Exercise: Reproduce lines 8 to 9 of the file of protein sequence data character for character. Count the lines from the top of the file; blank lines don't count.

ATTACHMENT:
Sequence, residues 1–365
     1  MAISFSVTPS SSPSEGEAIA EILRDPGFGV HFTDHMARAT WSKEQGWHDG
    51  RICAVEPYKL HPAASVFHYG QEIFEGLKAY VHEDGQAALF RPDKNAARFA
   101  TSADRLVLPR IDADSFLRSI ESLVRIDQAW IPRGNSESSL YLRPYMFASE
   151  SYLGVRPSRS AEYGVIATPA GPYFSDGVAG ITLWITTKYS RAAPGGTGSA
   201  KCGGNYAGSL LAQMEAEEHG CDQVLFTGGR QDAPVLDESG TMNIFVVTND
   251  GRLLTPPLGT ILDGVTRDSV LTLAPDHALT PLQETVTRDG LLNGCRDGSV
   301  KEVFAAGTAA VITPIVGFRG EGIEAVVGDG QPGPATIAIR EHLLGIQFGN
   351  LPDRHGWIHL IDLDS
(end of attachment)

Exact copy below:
   301  KEVFAAGTAA VITPIVGFRG EGIEAVVGDG QPGPATIAIR EHLLGIQFGN
   351  LPDRHGWIHL IDLDS